I stay out of politics as much as possible. I try to only concentrate on Jesus.
I am pro-life, pro-traditional marriage and always for lower taxes.
But when I read this article in the Los Angeles Times I was excited to hear a Presidential candidate openly and publicly expressing their Christian faith and love for Jesus. Wow. There is HOPE.
I’ve heard Michele Bachmann speak and I have seen her on FOX NEWS. I thought she was smart, articulate and capable. But I gained a deeper respect for her after I read this article. An unabashed born-again Christian Presidential candidate that’s unafraid to talk about her faith, her Savior and her love for America.
That’s the kind of change we need.
Who knows what kind of President she would make… but she’s already a great woman in my book.
Michele Bachmann courts conservative Iowa voters on bus tour
The GOP presidential candidate appeals to evangelicals and ‘tea party’ activists in her quest for caucus votes
|Republican presidential candidate Rep. Michele Bachmann of Minnesota speaks at a “tea party” rally outside the Iowa state Capitol in Des Moines. (Justin Hayworth, Associated Press / July 2, 2011)
Before hundreds of evangelical worshipers in a cavernous megachurch Sunday, Bachmann delivered a deeply personal speech tailor-made for their concerns, detailing how a miscarriage cemented her views on abortion and describing her personal connection to Israel and the moment she accepted Jesus Christ as her savior.
Bachmann said she was raised a Lutheran but didn’t “get it” until one morning when she was 16 and attended a prayer meeting before school in her cheerleader uniform.
“It was in 1972, Nov. 1, when I bowed my knee and gave my heart to Jesus Christ, when I recognized, as the Bible says, all have sinned, all have fallen short, all need a savior,” she said. “And I came to the realization that even though I thought I was a nice person — I wasn’t doing drugs, I wasn’t wild, I wasn’t drinking — it didn’t matter. I was a sinner. I needed a savior. It changed me; it changed every part of me.”
On Saturday, Bachmann spoke to a tea party rally in Des Moines, a natural setting for the U.S. representative from Minnesota who founded the tea party caucus in the House. As attendees waved “Don’t Tread on Me” flags, Bachmann proposed auditing the Federal Reserve, decried the declining strength of the dollar and touted her opposition to the economic stimulus, the new healthcare law and Wall Street bailouts.
“Do you realize how close to the edge we are as a country?” she asked more than 100 people gathered beneath a blistering sun in front of the gold-capped Iowa statehouse. “But we are a forward-looking people. We love the next generation, and I am here to tell you I am unwilling to saddle my children and your children and your neighbors’ children with debt that we can’t possibly pay back. We will not do that. That’s immoral to the next generation. We will not steal from our children any longer.”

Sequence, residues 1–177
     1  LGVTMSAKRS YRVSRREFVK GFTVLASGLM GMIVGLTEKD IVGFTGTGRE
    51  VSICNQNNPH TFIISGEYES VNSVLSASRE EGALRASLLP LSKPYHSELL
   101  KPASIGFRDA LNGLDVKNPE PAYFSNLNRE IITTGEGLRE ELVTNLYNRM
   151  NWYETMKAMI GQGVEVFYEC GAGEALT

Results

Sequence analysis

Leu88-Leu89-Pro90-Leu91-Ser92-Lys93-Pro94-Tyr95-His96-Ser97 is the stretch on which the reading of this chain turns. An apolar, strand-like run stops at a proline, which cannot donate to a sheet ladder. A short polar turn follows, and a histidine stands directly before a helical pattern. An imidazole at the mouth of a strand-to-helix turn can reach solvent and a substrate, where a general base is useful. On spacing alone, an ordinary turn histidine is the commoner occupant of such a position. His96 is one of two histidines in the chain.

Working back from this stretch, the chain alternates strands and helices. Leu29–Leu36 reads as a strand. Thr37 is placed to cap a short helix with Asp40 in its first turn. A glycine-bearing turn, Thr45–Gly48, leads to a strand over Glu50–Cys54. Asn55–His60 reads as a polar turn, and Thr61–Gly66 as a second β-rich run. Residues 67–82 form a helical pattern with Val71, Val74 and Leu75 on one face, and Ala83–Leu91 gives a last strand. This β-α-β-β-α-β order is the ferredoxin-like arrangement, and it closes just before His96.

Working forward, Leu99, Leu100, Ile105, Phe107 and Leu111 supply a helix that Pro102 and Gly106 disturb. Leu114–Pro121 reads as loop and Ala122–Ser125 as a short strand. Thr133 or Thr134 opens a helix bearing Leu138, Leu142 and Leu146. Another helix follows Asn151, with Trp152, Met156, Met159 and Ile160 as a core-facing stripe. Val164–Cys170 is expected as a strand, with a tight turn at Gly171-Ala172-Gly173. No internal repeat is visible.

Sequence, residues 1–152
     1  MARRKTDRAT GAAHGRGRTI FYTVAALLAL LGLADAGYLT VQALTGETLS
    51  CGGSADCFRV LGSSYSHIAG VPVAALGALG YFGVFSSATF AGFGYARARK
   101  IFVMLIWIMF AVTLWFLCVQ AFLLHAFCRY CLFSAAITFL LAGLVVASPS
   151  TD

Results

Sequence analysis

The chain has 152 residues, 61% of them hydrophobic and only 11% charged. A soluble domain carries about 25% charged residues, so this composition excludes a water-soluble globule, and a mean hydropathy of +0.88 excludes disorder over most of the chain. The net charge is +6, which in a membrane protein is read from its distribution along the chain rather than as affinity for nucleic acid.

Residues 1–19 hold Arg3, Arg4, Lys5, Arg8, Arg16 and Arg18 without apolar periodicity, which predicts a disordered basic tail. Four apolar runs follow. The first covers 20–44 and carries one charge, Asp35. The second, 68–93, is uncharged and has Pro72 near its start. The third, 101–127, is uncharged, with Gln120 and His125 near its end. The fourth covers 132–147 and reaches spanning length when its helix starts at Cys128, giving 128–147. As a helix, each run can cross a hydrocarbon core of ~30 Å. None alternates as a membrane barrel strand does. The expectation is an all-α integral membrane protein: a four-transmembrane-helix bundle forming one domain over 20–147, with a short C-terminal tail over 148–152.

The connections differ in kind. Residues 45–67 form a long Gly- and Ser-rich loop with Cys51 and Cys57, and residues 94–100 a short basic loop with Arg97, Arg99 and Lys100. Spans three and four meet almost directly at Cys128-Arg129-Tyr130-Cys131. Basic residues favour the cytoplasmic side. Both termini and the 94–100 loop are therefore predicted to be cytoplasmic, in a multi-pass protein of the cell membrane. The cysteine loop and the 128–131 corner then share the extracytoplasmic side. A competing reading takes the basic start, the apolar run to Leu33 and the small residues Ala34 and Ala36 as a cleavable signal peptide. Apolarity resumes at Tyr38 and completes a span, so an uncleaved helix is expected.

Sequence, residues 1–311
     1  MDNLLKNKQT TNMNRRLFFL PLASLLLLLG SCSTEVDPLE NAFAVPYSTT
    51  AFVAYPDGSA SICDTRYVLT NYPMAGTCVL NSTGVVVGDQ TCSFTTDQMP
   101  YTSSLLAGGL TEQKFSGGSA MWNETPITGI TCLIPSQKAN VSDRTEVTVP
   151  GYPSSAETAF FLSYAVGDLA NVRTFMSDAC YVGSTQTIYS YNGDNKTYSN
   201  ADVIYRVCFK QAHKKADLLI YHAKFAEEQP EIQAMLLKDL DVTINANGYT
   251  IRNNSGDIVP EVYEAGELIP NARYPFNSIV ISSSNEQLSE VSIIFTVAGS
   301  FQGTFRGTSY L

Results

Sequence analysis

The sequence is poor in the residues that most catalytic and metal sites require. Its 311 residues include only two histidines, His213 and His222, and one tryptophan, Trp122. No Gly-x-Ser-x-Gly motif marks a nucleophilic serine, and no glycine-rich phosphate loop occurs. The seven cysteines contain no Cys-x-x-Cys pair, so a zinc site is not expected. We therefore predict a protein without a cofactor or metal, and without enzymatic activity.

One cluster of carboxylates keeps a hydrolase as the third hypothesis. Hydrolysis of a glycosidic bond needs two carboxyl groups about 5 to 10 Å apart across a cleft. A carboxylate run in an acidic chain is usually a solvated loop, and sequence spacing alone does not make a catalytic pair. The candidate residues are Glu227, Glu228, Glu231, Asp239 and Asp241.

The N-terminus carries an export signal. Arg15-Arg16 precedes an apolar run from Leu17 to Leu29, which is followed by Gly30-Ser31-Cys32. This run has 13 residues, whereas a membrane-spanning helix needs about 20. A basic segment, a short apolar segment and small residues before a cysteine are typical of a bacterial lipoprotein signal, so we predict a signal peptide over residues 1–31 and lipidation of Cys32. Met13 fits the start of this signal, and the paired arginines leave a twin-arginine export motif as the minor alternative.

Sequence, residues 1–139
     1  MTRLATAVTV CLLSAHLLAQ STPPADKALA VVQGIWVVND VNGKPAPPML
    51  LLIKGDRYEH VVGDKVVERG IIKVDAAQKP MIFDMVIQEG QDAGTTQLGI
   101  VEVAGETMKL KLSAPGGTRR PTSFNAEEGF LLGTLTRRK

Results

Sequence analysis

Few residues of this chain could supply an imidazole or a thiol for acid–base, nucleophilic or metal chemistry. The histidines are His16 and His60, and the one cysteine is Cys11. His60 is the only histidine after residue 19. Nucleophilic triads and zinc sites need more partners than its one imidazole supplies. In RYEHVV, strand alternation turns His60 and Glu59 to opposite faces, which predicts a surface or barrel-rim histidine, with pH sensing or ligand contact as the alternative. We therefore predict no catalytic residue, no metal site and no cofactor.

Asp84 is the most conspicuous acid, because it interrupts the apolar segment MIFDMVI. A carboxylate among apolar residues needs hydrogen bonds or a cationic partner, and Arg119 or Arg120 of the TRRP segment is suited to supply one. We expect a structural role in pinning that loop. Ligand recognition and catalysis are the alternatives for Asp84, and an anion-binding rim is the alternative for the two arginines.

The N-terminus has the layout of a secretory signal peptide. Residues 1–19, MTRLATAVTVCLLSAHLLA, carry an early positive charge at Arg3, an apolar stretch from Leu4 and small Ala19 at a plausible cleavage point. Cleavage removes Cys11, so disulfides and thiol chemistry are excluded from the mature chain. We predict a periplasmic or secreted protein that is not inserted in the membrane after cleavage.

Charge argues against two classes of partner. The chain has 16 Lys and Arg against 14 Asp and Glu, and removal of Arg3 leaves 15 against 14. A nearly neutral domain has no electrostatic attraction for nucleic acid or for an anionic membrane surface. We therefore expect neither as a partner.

The appearances were part of a 10-stop, three-day venture across the state that will inaugurate the 2012 primary season with its caucuses. Bachmann also hit popular politicking sites such as a Taylor’s Maid-Rite — a purveyor of loose-meat sandwiches — in Marshalltown and an Iowa Cubs baseball game. Her staff declined an offer for Bachmann to throw out the first pitch; she hadn’t had time to practice.
The evangelical voters to whom she appealed Sunday demonstrated their power in 2008 when they propelled former Arkansas Gov. Mike Huckabee to victory in the caucuses.
As with the tea party voters, Bachmann displayed a natural affinity. At two services in the Point of Grace church, she rarely glanced at notes and punctuated her frequent references to God by pointing one French-manicured index finger at the ceiling. At one point, she bowed her head, closed her eyes and led the rapt flock in prayer for more than a minute.
She spoke of her ancestors coming to Iowa from Norway in the mid-19th century, drawn by the fertile land, of working for 50 cents an hour as a baby-sitter to help her impoverished family after her parents’ divorce, and the psychological effects of her long-ago miscarriage.
“It was devastating for us,” she said, repeating an account that has become a staple of her speeches. “It impacted us profoundly. I didn’t think of ourselves as materialistic or overly career-minded, [but] it changed something in us.”
Bachmann said she and her husband prayed together, and “we said, ‘Lord, however many children you give us, that’s what we will receive.’ ” In the end, the couple raised five children and took in 23 foster children.
“I really am the old woman in the shoe,” she said.
As with all candidates in Iowa, Bachmann’s chances depend on her ability to move from inspiring voters to organizing them to vote for her. The first traditional test of candidate organizations is next month’s straw poll in Ames. Her chief competition there may be former Minnesota Gov. Tim Pawlenty, who has a strong organizational edge in the state.
Her bus tour is intended to introduce her to voters and increase her name recognition. It worked with Steve and Frances Sloan of Polk City, who attended the tea party rally.
Frances Sloan, 50, did not have a good impression of Bachmann before the event, saying the congresswoman relied on too many talking points and lacked substance.
But she and her husband were impressed by her 24-minute speech on Saturday, and are now debating whether to support Bachmann or businessman Herman Cain.
“I was very impressed. She was very articulate. She’s very precise. It came from the heart,” said Steve Sloan, 57, a retiree.
(LOS ANGELES TIMES)